Lee has outraised Becker, 3-to-1, according to early financial reports, but third-party spending is expected to be heavy with attack ads already targeting both candidates.
Becker has categorized Lee as “radical,” and Lee has called Becker “extreme.”
The candidates have denied accusations by outside groups of fiscal misappropriation or wrongdoing, and neither Lee nor Becker has been subject to criminal or ethical charges.
House Speaker Nancy Pelosi, D-Calif., has helped raise funds for Lee, while House Minority Leader Kevin McCarthy, R-Calif., has appeared with Becker.
Lee, a member of the House Appropriations Committee, is running on her accomplishment of lowering prescription drug costs and making health care more affordable through legislation she championed that became part of the Inflation Reduction Act signed into law this year.
As a member of the centrist, bipartisan Problem Solvers Caucus, Lee advocated for Medicare to negotiate drug costs that will drop and cap out-of-pocket costs for seniors at $2,000 per year, including a $35 per month cap on insulin per month.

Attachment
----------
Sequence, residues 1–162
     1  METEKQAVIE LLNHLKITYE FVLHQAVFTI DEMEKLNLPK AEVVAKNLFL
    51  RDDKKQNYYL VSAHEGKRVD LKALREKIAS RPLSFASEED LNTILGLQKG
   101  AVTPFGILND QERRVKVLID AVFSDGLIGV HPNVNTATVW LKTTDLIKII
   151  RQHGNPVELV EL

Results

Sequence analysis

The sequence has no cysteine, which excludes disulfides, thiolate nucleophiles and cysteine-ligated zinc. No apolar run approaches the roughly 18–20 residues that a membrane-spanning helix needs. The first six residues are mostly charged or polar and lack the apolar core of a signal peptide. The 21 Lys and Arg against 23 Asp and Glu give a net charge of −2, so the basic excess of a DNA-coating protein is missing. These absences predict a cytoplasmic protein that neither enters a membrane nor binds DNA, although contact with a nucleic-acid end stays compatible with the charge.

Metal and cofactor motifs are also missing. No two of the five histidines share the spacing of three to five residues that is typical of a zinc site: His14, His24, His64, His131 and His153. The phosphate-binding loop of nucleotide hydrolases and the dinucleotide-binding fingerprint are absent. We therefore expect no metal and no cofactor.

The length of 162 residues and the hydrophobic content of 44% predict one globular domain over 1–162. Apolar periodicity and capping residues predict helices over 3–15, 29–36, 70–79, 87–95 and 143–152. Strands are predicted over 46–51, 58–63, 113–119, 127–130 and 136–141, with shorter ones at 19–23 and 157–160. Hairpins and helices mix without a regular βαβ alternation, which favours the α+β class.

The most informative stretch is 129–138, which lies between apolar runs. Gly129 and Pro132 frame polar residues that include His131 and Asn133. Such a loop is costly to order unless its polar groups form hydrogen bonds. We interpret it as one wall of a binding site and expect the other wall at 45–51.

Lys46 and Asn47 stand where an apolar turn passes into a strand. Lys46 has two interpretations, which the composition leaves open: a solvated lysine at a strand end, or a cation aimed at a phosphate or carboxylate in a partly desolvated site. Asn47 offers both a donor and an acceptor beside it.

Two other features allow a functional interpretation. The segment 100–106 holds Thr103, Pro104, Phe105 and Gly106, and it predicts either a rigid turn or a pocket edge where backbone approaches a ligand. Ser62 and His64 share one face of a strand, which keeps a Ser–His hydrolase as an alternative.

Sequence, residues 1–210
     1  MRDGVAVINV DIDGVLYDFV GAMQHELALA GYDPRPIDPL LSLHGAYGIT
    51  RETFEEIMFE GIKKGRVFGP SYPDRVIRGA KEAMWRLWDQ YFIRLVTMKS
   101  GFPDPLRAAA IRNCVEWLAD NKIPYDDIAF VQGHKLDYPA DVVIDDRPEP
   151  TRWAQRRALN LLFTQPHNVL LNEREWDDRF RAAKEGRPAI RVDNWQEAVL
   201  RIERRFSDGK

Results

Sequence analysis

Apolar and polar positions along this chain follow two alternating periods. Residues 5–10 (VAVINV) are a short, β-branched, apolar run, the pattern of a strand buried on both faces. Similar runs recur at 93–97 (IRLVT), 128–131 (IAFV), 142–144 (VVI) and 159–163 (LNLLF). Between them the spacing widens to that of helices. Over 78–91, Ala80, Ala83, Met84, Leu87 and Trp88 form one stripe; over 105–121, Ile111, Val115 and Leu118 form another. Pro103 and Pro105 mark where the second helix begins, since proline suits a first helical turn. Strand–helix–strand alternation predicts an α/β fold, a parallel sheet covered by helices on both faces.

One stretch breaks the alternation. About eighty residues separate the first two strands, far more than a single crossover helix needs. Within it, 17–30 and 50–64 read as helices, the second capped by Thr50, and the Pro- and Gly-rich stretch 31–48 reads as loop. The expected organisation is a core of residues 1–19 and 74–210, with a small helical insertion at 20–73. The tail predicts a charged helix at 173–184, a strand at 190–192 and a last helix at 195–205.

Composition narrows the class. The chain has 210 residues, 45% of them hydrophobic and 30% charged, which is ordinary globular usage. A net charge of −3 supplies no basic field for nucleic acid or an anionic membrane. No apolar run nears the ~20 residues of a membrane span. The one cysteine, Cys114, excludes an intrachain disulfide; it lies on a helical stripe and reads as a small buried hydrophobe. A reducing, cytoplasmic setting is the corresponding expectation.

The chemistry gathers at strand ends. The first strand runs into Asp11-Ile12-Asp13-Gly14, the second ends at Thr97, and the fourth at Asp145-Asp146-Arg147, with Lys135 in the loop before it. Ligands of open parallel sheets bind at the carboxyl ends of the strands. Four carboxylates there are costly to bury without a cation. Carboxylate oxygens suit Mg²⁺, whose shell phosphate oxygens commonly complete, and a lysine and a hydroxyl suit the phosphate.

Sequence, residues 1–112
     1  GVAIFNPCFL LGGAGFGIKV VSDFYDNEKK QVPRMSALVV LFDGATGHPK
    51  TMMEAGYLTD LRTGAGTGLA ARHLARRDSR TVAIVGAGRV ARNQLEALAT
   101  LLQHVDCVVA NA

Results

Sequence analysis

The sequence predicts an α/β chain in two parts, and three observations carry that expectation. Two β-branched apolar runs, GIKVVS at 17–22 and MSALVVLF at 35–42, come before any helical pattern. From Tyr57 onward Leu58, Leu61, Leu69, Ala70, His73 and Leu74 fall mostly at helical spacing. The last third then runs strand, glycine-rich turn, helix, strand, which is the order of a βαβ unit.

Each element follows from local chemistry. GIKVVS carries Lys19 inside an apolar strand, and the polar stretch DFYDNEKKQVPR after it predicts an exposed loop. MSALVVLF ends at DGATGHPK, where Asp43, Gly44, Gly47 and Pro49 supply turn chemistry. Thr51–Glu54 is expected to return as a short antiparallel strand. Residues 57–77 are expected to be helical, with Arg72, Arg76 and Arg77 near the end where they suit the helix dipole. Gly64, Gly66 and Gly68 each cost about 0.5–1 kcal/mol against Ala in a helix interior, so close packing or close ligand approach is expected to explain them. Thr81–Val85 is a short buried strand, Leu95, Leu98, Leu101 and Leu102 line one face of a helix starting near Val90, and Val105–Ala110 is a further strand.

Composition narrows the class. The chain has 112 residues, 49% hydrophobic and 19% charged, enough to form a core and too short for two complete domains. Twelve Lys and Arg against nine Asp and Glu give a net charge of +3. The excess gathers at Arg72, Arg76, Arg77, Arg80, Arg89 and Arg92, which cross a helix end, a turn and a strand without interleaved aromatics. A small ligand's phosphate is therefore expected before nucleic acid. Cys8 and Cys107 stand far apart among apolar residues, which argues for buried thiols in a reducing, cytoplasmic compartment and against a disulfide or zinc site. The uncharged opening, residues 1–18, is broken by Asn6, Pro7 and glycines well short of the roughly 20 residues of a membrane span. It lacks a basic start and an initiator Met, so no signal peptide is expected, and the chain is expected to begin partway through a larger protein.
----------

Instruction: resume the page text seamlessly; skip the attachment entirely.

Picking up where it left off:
The Inflation Reduction Act also extended Affordable Care Act subsidies for three additional years.
“That has been central to what I ran on in 2018,” Lee said. “No American should have to make a choice between paying their electrical bill and taking lifesaving medication.”
Lee also voted in support of the Coronavirus Aid, Relief and Economic Security Act, or CARES Act, as well as the bipartisan Infrastructure and Jobs Act, spending bills that brought over $4 billion to Nevada after the pandemic.
Her legislation to fund water recycling projects included a plant to benefit Southern Nevada and California also became law.
“We have to work together with other states,” Lee said.